Lab 09a - Implement Web Apps

Student lab manual

Lab scenario

You need to evaluate the use of Azure Web apps for hosting Contoso’s web sites, hosted currently in the company’s on-premises data centers. The web sites are running on Windows servers using PHP runtime stack. You also need to determine how you can implement DevOps practices by leveraging Azure web apps deployment slots.

Objectives

In this lab, you will:

  • Task 1: Create an Azure web app
  • Task 2: Create a staging deployment slot
  • Task 3: Configure web app deployment settings
  • Task 4: Deploy code to the staging deployment slot
  • Task 5: Swap the staging slots
  • Task 6: Configure and test autoscaling of the Azure web app

Estimated timing: 30 minutes

Architecture diagram

image

Instructions

Exercise 1

Task 1: Create an Azure web app

In this task, you will create an Azure web app.

  1. Sign in to the Azure portal.

  2. In the Azure portal, search for and select App services, and, on the App Services blade, click + Create.

  3. On the Basics tab of the Create Web App blade, specify the following settings (leave others with their default values):

    Setting Value
    Subscription the name of the Azure subscription you are using in this lab
    Resource group the name of a new resource group az104-09a-rg1
    Web app name any globally unique name
    Publish Code
    Runtime stack PHP 7.4
    Operating system Windows
    Region the name of an Azure region where you can provision Azure web apps
    App service plan accept the default configuration
  4. Click Review + create. On the Review + create tab of the Create Web App blade, ensure that the validation passed and click Create.

    Note: Wait until the web app is created before you proceed to the next task. This should take about a minute.

  5. On the deployment blade, click Go to resource.

Task 2: Create a staging deployment slot

In this task, you will create a staging deployment slot.

  1. On the blade of the newly deployed web app, click the URL link to display the default web page in a new browser tab.

  2. Close the new browser tab and, back in the Azure portal, in the Deployment section of the web app blade, click Deployment slots.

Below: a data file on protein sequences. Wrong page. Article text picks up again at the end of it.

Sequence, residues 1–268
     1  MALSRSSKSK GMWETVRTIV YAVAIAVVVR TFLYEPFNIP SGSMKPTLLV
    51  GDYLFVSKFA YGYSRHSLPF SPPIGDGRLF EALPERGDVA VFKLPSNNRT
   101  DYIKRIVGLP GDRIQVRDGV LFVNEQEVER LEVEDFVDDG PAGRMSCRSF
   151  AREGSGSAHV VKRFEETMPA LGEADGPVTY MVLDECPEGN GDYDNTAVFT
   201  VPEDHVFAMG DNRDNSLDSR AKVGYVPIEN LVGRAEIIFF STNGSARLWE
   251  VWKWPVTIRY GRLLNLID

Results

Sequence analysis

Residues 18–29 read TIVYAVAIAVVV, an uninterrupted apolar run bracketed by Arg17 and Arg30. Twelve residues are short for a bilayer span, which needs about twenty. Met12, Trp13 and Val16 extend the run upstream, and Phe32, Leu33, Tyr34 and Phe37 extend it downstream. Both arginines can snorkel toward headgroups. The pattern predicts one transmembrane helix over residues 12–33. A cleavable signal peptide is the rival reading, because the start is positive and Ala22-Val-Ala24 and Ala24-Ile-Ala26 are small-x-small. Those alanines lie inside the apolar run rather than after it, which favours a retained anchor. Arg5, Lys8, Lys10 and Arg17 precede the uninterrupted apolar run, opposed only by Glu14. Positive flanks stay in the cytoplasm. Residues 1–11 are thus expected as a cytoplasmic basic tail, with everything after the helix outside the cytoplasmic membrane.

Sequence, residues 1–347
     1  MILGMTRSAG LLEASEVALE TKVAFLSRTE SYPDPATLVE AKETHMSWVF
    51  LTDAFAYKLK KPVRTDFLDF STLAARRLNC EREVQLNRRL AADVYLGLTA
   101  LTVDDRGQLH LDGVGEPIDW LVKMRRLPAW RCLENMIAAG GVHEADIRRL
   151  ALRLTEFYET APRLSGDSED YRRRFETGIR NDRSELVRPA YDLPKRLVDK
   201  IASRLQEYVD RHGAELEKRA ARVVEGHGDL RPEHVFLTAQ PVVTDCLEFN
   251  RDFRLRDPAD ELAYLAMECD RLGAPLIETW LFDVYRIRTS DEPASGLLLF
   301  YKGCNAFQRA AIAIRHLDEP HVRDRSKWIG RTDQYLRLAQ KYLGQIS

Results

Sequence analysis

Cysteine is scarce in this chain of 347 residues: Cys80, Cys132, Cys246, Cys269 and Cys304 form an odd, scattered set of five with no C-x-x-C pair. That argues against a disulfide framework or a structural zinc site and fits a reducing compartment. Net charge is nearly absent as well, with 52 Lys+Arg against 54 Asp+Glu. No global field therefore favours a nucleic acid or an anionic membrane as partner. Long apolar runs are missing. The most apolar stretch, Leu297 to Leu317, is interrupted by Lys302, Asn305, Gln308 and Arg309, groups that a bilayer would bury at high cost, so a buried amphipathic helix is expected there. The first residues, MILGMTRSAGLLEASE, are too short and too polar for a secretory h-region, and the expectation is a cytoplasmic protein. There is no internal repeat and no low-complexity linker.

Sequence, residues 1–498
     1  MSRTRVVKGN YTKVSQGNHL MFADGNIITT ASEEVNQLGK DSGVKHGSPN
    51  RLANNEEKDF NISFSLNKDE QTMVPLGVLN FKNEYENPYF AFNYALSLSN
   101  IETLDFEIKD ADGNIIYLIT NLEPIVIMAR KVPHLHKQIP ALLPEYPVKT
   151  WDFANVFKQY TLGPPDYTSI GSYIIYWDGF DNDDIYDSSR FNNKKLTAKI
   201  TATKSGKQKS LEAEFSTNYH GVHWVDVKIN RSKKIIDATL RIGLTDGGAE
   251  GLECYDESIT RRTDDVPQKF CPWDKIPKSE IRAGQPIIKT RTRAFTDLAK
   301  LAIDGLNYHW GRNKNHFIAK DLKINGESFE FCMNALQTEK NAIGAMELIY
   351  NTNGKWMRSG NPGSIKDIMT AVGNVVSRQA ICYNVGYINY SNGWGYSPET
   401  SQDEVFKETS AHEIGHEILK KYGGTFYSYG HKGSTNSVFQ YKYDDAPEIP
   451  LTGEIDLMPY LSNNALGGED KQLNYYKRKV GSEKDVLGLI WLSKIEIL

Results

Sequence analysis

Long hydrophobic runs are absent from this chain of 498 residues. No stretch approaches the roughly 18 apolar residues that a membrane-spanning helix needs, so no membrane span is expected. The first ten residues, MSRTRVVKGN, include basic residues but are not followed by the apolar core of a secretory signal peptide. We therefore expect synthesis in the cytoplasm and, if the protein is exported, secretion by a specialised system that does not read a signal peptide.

Note: The web app, at this point, has a single deployment slot labeled PRODUCTION.

  3. Click + Add slot, and add a new slot with the following settings:

    Setting Value
    Name staging
    Clone settings from Do not clone settings
  4. Back on the Deployment slots blade of the web app, click the entry representing the newly created staging slot.

    Note: This will open the blade displaying the properties of the staging slot.

  5. Review the staging slot blade and note that its URL differs from the one assigned to the production slot.

Task 3: Configure web app deployment settings

In this task, you will configure web app deployment settings.

  1. On the staging deployment slot blade, in the Deployment section, click Deployment Center and then select the Settings tab.

    Note: Make sure you are on the staging slot blade (rather than the production slot).

  2. On the Settings tab, in the Source drop-down list, select Local Git and click the Save button

  3. On the Deployment Center blade, copy the Git Clone Url entry to Notepad.

    Note: You will need the Git Clone Url value in the next task of this lab.

  4. On the Deployment Center blade, select the Local Git/FTPS credentials tab, in the User Scope section, specify the following settings, and click Save.

    Setting Value
    User name any globally unique name (must not contain @ character)
    Password any password that satisfies complexity requirements

    Note: The password must be at least eight characters long, with two of the following three elements: letters, numbers, and non-alphanumeric characters.

    Note: You will need these credentials in the next task of this lab.

Task 4: Deploy code to the staging deployment slot

In this task, you will deploy code to the staging deployment slot.

  1. In the Azure portal, open the Azure Cloud Shell by clicking on the icon in the top right of the Azure Portal.

  2. If prompted to select either Bash or PowerShell, select PowerShell.

    Note: If this is the first time you are starting Cloud Shell and you are presented with the You have no storage mounted message, select the subscription you are using in this lab, and click Create storage.

  3. From the Cloud Shell pane, run the following to clone the remote repository containing the code for the web app.

    git clone https://github.com/Azure-Samples/php-docs-hello-world
    
  4. From the Cloud Shell pane, run the following to set the current location to the newly created clone of the local repository containing the sample web app code.

    Set-Location -Path $HOME/php-docs-hello-world/
    
  5. From the Cloud Shell pane, run the following to add the remote git (make sure to replace the [deployment_user_name] and [git_clone_url] placeholders with the value of the Deployment Credentials user name and Git Clone Url, respectively, which you identified in previous task):

    git remote add [deployment_user_name] [git_clone_url]
    

    Note: The value following git remote add does not have to match the Deployment Credentials user name, but has to be unique